Seven patients were consented to the study and treated according to the schema shown in Figure 1. All patients had non-Hodgkin lymphoma (NHL), two had relapsed disease and two were induction failures, two in first partial remission and one in high risk first remission. Secondary exclusion criteria required that patients could mobilize sufficient HPCs for collection by apheresis (HPC-A) of two cell products of at least 2.5 × 106 CD34+ cells/kg each; one a therapeutic product that was otherwise unmanipulated (HPC-A-Rx) and the other an experimental research product for genetic transduction (HPC-A-Exp). Two patients were removed from the study prior to HPC collection due to either progressive NHL (UPN0302) or to inadequate HPC-A collections (UPN0303). The remaining five patients mobilized an adequate number of cells for the investigational portion of the trial (Table 1). One of these (UPN 301), however, received only HPC-A-Rx because the HPC-A-Exp failed to pass the viability release test. The 4 patients that underwent transplantation with both transduced and untransduced cell products were a median age of 42.5 years (range 25–55), had CD4 counts at study entry ranging from 18–577 cell/μl, and a viral load ranging from below the limit of detection − 25,000 copies/ml. Following transplantation, HIV RNA in plasma and CD4 counts were followed at monthly intervals (Table S1). All patients were maintained on HAART and HIV loads were undetectable (<50 gc/ml) except for patient UPN0306 who had a viral load of 270 copies/ml at the time of transplant (Day 0) and patient UPN0304 who temporarily discontinued HAART therapy between 12 and 15 months post transplant resulting in a transient viral load of 890 copies/ml at 15 months after which he resumed prior anti-retroviral dosing.
CD34-selection resulted in products highly enriched (Avg. = 121-fold, range 63–205) for CD34+ cell frequency (N=5). Starting with an average of 312 × 106 CD34+ cells (range 122–618 ×106), 151 × 106 CD34+ cells (range 47–317 × 106) were recovered (48% average yield) (Figure S1). CD34-selected cells were cryopreserved in the vapor phase of liquid nitrogen until 3 days prior to infusion at which time they were thawed and transduced.
In vitro analysis was conducted to determine the effects of transduction on hematopoietic potential and extent of gene marking of cells. In methyl cellulose culture, the frequency of colony forming units for transduced and non-transduced control cells, as a measure of toxicity of the transduction process, showed no significant differences in either the frequency or types of colonies formed (Figure S2). Cells were also placed in liquid culture with a cytokine cocktail designed to promote myelo/erythropoiesis or on a murine stromal cell line previously demonstrated to support the growth of B-lymphoid cells(26, 27). Samples were taken at weekly intervals for phenotypic analysis of myeloid, erythroid, B-lymphocytes and CD34+ stem/progenitor cells. No differences in the kinetics or magnitude of lineage development were observed between the transduced and non-transduced cell cultures (Figure S3). Taken together, these results support the overall safety of the cell transduction process with respect to in vitro hematopoietic potential.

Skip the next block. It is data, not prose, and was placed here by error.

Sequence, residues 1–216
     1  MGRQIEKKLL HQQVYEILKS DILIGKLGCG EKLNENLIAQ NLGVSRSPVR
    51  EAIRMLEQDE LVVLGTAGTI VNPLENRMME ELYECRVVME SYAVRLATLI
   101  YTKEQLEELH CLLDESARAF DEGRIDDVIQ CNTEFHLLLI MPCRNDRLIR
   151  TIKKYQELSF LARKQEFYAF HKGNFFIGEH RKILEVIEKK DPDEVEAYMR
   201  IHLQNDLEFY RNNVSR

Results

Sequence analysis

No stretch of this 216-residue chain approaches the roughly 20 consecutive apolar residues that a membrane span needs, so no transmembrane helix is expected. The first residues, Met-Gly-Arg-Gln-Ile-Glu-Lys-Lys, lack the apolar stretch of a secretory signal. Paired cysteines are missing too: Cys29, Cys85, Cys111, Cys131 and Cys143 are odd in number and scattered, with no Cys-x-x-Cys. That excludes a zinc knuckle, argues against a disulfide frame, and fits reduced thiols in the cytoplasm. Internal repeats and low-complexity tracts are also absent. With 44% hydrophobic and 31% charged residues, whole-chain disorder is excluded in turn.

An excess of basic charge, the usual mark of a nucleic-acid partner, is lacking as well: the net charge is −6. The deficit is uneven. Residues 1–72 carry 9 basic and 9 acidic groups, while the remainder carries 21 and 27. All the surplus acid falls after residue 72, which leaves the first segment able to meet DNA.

Cells from these cultures were also analyzed weekly for the presence of the rHIV7-shITAR- CCR5RZ transgene. Quantitative PCR analysis was performed using primers specific for the WPRE-marker of the transgene and for apolipoprotein B (ApoB), a single copy housekeeping gene to normalize for cell number. By calculating the ratio of copies of WPRE:ApoB, we observed gene marking levels as high as 23% (Avg. = 18% range 5–23%, N=5) after one week of culture (Figure 2a). However, the percentage of gene-marked cells declined rapidly over 4 weeks of culture to approximately 1% (average = 0.75, range 0.65–0.81, N=4). Lineage-specific cells were isolated by flow cytometric cell sorting at 2 weeks of culture (erythroid/myeloid cells) or 4 weeks (B-cells) and evaluated for gene marking. While the average percentage of marked cells varied by lineage, gene marking of all subsets was observed at levels similar to that in of the bulk population (0.7–19.5%) (Figure 2b). Since most of the cells used to initiate culture were negative for mature myelo-erythroid lineage markers (CD14, CD15, CD33, Gly-A) and mature cells do not contribute significantly to 4 week cultures, we believe these results indicate that minimally, multi-lineage HPC were transduced with the viral vector and differentiated into erythroid, monocytic, granulocytic and lymphoid lineages, each carrying the transgene.
We also analyzed cells derived from limiting dilution assays to verify the gene marking estimates from bulk PCR analysis and to determine the number of integrated copies of the lentiviral vector per cell. Using cultures of cells plated at 50, 10 or 5 cells/well and maintained for four to five weeks, we evaluated ≥500 growth positive wells from 4 patients and found only 6 wells positive for transgene from three of the patients (2/169 from UPN0305, 1/125 from UPN0307 and 3/125 from UPN0307). Of interest, positive wells had 1, 2 or 3 copies per cell of the integrated transgene (Figure S4). While this low number of transgene positive wells is consistent with the average frequency of transduced cells estimated from bulk culture, it suggests that the actual percentage of transduced cells in bulk culture is lower than estimated when assuming a single copy per cell.